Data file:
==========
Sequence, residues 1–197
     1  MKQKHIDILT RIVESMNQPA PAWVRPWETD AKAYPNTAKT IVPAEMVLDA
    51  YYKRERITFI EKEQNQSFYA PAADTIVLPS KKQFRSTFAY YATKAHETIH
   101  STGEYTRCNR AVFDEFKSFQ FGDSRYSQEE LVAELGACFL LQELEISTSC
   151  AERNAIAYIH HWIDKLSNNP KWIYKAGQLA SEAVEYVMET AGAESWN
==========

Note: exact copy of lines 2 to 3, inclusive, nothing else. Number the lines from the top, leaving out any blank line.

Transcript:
     1  MKQKHIDILT RIVESMNQPA PAWVRPWETD AKAYPNTAKT IVPAEMVLDA
    51  YYKRERITFI EKEQNQSFYA PAADTIVLPS KKQFRSTFAY YATKAHETIH